They also produce flowering side shoots if the main flower head is removed. The seeds can be dried and stored in the fridge, but I generally just grab a few plants after the first frost and shake the seed heads over any bare patch where I want them to grow the following year.
Here's a pic of late season Cleome flowering behind Sol's doghouse:



Wednesday, September 3, 2014

September 3rd tour of my Bay State Kitchen Garden

Well, the best laid plans... I will get back to my picks for top annual flowers soon, but first here is a September tour video:


Monday, September 1, 2014

Top five annual flowers in my kitchen garden- #1, Bachelor Button

As I sit in my study writing I can hear the welcome sound of rain falling in the night, as well as a chorus of crickets and the Labor Day fireworks at the racetrack nearby.
Summer is coming to an all too fast end, but for many of the annual flowers I grow in my kitchen garden it is peak bloom time. Over the next few nights I'm going to post about my top five kitchen garden annuals.
Here's my criteria to make the list: they must grow easily from seed sown directly into the garden, they must require little maintenance, they must bloom freely over a long time, and they must add both color and texture to the garden.  Other criteria can vary—some of my favorites are edible, some feed birds and butterflies, and some make good cut flowers,  while others are tricky to keep happy in a vase.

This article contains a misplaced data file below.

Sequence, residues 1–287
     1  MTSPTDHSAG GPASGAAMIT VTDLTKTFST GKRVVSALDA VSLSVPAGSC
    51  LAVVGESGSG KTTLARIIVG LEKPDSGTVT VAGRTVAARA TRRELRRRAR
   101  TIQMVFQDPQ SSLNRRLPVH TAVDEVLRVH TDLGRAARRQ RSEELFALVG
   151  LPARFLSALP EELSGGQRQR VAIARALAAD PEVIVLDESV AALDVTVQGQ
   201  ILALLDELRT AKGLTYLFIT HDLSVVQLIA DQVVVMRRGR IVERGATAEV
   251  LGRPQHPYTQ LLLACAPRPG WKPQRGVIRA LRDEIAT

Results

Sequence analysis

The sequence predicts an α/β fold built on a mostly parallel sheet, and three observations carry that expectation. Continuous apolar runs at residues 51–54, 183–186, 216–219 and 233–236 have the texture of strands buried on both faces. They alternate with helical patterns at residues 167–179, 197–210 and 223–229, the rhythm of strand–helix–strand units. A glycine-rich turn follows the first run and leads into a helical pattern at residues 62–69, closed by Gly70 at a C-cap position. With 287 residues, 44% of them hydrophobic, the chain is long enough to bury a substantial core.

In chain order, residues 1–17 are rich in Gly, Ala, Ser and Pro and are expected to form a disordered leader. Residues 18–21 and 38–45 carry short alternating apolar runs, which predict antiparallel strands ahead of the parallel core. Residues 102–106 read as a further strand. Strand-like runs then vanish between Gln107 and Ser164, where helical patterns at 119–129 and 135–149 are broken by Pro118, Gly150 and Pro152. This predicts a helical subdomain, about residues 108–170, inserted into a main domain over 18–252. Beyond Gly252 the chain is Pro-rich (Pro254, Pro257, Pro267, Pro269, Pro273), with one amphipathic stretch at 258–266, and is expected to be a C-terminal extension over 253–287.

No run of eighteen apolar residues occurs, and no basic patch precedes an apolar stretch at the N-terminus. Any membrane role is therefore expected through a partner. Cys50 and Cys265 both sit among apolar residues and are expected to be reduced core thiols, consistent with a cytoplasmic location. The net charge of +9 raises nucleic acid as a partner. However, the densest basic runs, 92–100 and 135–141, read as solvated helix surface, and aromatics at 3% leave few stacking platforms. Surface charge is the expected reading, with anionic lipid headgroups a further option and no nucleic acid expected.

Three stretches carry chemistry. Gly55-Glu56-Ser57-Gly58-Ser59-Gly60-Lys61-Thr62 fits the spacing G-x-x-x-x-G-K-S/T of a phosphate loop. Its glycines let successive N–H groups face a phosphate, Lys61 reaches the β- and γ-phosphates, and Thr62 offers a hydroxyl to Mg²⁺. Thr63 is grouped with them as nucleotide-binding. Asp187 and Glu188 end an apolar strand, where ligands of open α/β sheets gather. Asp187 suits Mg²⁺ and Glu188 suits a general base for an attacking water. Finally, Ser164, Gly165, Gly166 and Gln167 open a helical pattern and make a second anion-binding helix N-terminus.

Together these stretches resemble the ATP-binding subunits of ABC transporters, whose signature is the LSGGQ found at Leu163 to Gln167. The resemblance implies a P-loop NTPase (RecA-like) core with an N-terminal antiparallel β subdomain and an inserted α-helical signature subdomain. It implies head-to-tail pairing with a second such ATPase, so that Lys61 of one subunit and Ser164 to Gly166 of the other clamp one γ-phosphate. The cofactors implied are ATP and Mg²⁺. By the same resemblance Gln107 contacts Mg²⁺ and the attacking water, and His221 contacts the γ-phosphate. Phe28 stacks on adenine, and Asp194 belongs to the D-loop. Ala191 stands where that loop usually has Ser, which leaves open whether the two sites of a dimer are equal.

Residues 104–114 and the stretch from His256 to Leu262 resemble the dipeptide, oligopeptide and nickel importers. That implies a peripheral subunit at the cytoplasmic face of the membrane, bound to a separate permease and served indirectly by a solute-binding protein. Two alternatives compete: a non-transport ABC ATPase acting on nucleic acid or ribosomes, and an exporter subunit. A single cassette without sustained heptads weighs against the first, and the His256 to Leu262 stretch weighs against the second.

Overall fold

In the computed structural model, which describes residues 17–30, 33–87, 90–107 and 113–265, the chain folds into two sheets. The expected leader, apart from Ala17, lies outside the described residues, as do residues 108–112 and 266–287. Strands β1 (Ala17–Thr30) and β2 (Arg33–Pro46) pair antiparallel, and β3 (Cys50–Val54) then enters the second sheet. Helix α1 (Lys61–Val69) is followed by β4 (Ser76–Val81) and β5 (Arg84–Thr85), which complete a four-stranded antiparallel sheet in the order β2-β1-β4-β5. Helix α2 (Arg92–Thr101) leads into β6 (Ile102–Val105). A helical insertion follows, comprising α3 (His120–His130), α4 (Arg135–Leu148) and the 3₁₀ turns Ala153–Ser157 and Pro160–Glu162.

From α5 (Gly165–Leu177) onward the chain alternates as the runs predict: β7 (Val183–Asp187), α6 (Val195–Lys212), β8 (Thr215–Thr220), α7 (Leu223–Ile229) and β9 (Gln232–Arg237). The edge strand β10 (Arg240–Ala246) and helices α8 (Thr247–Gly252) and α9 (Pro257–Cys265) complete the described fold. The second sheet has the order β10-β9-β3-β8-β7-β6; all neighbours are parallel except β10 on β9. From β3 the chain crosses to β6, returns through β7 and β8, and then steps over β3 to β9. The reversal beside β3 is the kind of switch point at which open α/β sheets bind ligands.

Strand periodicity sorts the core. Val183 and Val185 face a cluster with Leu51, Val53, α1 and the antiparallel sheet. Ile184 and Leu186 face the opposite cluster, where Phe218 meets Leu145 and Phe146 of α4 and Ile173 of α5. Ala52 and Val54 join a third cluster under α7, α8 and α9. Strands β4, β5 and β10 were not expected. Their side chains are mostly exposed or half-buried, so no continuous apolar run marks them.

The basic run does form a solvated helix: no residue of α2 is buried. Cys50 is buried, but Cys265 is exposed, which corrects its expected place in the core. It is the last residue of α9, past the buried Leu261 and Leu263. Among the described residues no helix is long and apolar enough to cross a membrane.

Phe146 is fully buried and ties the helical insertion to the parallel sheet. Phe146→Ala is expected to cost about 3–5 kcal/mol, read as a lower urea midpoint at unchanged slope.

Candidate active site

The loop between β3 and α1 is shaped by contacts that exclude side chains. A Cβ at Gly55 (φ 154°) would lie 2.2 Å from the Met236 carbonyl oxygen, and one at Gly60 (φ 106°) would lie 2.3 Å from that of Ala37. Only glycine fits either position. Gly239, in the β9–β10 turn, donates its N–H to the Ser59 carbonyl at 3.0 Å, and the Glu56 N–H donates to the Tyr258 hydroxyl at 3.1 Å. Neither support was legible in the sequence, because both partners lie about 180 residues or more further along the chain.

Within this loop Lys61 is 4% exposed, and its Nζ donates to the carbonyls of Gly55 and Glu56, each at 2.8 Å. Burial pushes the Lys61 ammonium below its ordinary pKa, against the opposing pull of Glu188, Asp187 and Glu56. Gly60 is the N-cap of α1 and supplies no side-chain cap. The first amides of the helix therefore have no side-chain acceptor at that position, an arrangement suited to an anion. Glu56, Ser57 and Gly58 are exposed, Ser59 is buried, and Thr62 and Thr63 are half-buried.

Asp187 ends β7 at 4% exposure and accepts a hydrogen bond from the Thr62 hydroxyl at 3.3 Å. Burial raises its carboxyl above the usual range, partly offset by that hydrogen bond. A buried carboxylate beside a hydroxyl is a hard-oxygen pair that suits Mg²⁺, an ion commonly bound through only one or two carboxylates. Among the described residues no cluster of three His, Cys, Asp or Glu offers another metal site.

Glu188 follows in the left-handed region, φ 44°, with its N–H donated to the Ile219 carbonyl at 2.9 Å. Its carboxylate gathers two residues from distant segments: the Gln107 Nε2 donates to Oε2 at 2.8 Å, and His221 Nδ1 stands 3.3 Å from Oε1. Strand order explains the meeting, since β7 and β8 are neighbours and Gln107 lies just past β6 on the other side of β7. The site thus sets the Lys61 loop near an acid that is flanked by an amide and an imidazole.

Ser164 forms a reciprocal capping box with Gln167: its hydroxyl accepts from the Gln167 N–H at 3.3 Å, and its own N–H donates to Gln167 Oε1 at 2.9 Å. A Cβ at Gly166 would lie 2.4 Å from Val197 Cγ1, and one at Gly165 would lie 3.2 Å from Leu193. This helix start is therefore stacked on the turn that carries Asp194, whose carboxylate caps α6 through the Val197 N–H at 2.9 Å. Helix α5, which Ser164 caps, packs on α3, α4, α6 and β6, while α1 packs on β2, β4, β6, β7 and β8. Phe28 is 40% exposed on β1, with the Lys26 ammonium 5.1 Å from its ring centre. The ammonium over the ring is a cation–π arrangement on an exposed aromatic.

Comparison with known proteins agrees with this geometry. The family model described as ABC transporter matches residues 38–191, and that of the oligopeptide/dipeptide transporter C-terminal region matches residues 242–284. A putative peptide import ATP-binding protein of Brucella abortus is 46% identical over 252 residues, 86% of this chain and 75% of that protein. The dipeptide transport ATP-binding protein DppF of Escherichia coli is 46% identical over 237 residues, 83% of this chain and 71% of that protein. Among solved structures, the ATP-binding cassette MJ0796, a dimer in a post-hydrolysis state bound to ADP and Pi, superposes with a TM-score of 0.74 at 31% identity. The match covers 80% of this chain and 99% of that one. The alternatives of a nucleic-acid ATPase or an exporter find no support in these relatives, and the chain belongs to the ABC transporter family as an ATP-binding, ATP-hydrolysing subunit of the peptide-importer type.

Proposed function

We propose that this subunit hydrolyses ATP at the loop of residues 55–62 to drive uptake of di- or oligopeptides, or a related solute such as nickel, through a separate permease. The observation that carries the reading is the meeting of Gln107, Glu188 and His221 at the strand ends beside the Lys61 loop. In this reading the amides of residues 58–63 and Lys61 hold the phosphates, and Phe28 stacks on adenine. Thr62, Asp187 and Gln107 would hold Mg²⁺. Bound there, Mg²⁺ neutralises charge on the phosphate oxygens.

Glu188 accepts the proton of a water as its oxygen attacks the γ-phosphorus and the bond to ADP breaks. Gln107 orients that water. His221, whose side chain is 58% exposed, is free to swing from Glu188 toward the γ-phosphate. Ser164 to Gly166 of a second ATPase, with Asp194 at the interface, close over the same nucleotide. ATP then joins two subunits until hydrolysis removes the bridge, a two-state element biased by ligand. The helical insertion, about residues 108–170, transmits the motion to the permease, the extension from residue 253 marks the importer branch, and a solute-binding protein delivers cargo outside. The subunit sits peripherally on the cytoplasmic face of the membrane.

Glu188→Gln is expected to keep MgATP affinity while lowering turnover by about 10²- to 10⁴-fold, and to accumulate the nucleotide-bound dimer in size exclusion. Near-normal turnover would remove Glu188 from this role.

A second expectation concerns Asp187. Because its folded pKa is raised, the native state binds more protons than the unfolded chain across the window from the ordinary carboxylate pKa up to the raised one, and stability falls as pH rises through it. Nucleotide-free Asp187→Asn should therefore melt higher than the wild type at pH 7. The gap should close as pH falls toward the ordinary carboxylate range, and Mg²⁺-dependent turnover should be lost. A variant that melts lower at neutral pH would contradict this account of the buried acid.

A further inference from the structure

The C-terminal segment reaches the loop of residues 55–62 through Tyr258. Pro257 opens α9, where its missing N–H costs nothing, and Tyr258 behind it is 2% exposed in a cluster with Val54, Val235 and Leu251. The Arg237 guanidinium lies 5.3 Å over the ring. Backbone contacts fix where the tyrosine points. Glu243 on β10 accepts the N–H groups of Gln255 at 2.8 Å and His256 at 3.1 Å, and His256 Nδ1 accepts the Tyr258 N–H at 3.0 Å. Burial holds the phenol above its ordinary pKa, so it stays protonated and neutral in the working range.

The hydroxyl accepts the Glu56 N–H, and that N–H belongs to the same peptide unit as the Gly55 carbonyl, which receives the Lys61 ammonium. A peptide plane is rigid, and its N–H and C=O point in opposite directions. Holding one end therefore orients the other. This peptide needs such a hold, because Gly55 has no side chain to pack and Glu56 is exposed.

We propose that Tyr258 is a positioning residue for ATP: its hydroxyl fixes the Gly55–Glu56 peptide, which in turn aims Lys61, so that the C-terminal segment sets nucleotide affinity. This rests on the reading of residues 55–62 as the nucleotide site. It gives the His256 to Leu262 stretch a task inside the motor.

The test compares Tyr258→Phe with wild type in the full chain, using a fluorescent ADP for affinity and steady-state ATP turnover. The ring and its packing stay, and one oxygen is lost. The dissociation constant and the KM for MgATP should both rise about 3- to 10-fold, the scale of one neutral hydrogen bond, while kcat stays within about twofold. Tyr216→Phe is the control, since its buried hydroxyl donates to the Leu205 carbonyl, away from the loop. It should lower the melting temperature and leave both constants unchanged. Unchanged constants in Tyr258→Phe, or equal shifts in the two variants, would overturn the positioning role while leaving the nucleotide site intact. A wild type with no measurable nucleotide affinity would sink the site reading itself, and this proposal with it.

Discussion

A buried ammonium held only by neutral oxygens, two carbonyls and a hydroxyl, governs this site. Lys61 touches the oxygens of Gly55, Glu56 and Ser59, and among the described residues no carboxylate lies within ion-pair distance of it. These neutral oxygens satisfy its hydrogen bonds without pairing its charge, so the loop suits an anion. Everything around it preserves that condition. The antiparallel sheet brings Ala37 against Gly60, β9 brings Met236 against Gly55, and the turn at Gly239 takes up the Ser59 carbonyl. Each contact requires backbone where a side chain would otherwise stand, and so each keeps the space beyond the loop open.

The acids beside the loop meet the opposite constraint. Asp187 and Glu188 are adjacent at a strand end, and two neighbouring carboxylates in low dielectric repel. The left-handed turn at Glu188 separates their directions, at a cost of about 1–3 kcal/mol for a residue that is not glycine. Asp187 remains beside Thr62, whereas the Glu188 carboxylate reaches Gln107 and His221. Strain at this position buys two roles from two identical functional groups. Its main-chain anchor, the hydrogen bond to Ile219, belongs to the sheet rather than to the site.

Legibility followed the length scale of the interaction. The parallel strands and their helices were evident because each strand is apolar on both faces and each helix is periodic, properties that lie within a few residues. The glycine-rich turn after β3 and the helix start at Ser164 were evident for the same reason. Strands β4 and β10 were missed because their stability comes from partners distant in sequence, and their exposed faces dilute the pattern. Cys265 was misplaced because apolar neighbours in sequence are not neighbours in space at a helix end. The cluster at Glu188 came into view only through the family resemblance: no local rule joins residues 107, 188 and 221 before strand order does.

Why grow flowers in a vegetable garden at all? Well, the tradition of kitchen gardens is that they are places of beauty and comfort as well as food. Growing flowers among the vegetables also provides food for insects and birds that eat insect pests. And mixing the flowers and food crops makes it hard for those insect pests to find and eat the crops.
I'm going to write about the top five in roughly the order they bloom in my garden. Bachelor Buttons often winter over in sheltered spots, and they grow quickly to flower when sown before the last frost. By late June I have masses of flowers in colors from blue to red, sometimes edged in contrasting tones.  The foliage is a pleasant soft gray-green, and the upright form contrasts nicely with my early greens and peas on their trellis. They are also edible, bloom a long time in big clusters, and can re bloom if the flower heads are cut off  with hedge trimmers. 
Here's a shot of a clump from a small packet of seeds I bought for 20 cents: 



Sunday, August 10, 2014

Free tomato day at work

I harvested all the near ripe tomatoes yesterday, and spread them out on the sideboard in the dining room. They are, going clockwise from the top of the picture:
 Burpees Early Pick (medium sized), Rutgers (large with green shoulders and nice round shape), Patio Princess (perfect little globes about 2-3 inches across),
 Mortgage Lifter (big, funny looking, pink with green edges), two kinds of plums, and Sugar Lump cherry tomatoes:


I am picking all of the tomatoes in the beds next to the fence when just starting to color and ripening them on the sideboard because the woodchucks have already shown an inclination to nip through the fence at ripe fruit-- and only ripe fruit. 

Besides the sideboard tomatoes, I started today with another 30 tomatoes  ripening on a plastic bin lid in the garage. I bagged a dozen of these up and took them to work and gave them away to customers and co-workers.  
I really enjoyed the conversations that went along with sharing my tomatoes. I learned a lot as I handed out the fruits- about the gardens the recipients are currently cultivating,  about family gardens from childhood, and even favorite recipes.  My love of grilled cheese and tomato sandwiches is more common than I dreamed!